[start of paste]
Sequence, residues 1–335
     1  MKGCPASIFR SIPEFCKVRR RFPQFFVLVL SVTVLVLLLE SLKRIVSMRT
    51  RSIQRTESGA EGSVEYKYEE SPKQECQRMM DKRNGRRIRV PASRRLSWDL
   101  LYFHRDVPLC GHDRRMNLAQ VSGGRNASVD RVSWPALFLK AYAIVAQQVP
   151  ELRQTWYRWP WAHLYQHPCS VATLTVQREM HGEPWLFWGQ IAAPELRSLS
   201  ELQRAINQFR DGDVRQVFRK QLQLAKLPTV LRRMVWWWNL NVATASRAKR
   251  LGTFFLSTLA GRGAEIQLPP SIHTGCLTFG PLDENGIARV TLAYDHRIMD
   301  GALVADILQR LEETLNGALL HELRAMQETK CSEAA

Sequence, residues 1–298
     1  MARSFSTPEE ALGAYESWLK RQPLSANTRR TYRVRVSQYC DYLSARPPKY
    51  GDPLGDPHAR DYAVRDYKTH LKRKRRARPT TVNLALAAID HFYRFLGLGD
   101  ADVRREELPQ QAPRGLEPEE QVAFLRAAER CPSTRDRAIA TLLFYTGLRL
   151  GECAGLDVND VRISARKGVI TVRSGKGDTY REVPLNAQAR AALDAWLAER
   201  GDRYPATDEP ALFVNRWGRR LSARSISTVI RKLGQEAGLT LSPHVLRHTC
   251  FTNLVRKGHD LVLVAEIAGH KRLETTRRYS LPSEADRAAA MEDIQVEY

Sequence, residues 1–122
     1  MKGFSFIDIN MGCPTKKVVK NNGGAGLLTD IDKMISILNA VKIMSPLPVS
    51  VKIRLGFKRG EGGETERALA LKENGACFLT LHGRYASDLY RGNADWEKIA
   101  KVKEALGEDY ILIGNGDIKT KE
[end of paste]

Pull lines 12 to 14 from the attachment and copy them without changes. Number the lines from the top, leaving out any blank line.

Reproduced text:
   101  ADVRREELPQ QAPRGLEPEE QVAFLRAAER CPSTRDRAIA TLLFYTGLRL
   151  GECAGLDVND VRISARKGVI TVRSGKGDTY REVPLNAQAR AALDAWLAER
   201  GDRYPATDEP ALFVNRWGRR LSARSISTVI RKLGQEAGLT LSPHVLRHTC